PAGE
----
Belief vs. known fact

Lawmakers nationwide generally have worded statutes on mandatory child abuse reporting vaguely, to encourage reporting of suspicions. Use of terms such as "suspicion" and "belief" rather than "knowledge" or "known fact" is a protective measure that allows reporting of suspected child abuse without the presence of verified proof.

Some states require "belief," as in "I believe this child is being abused," while others use the term "suspicion," allowing the somewhat less-certain threshold of "I suspect this child is being abused."

Levi says that there is a problem with relying on "belief," in that "it involves holding an idea to be true, whereas in the context of mandated reporting, one is seldom sure that abuse occurred, but instead concerned that it might have."

All statutory thresholds on child abuse reporting fall under the legal umbrella of reasonable suspicion, Levi explains, and mandated reporters are told that they must report any time they reasonably suspect a child is being abused.

But what does "reasonable suspicion" mean? Levi maintains that it means something different to everyone, and there is too little definition given to allow a consistent application of the term.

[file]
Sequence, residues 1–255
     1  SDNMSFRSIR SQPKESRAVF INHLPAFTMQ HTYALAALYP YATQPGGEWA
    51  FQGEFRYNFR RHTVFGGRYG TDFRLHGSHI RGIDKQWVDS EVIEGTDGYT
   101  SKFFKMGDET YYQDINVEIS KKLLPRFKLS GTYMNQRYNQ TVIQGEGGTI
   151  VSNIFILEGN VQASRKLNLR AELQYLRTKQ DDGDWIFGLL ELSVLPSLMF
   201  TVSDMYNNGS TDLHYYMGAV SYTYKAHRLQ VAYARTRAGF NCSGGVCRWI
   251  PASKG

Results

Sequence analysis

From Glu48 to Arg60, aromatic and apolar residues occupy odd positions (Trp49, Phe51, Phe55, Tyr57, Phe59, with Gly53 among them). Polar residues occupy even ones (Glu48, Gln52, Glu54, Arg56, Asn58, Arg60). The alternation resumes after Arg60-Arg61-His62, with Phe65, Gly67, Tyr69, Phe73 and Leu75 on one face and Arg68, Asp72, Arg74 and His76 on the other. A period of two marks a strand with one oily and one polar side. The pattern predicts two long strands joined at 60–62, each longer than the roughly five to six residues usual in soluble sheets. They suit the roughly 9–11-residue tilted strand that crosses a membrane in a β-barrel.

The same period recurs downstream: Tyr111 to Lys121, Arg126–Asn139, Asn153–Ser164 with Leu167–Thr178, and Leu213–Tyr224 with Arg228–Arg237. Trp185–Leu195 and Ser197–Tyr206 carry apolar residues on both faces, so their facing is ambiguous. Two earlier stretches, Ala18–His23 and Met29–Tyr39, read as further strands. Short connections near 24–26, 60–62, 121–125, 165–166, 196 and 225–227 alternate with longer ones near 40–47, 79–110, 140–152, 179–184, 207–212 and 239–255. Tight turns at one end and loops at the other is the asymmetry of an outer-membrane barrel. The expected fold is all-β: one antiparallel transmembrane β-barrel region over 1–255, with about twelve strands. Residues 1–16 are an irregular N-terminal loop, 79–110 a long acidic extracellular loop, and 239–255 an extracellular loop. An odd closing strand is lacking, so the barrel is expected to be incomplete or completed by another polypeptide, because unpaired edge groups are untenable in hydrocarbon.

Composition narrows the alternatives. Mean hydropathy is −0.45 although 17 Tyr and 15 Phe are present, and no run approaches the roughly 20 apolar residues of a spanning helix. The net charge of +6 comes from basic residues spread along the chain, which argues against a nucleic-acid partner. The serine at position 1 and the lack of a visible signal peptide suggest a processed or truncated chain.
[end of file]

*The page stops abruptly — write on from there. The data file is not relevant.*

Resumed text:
For some, it can mean a fleeting notion that abuse might have occurred; to others, it may mean there is a significant indication that abuse has taken place.

For example, Levi's survey of more than 2,000 pediatricians found that 15% of respondents said that abuse would need to be better than 75% likely to qualify as reasonable suspicion; but a quarter of respondents set the threshold at a 60-70% likelihood, and another quarter set it at 40-50%. More than one-third (35%) set the threshold as low as 10-35% probability.1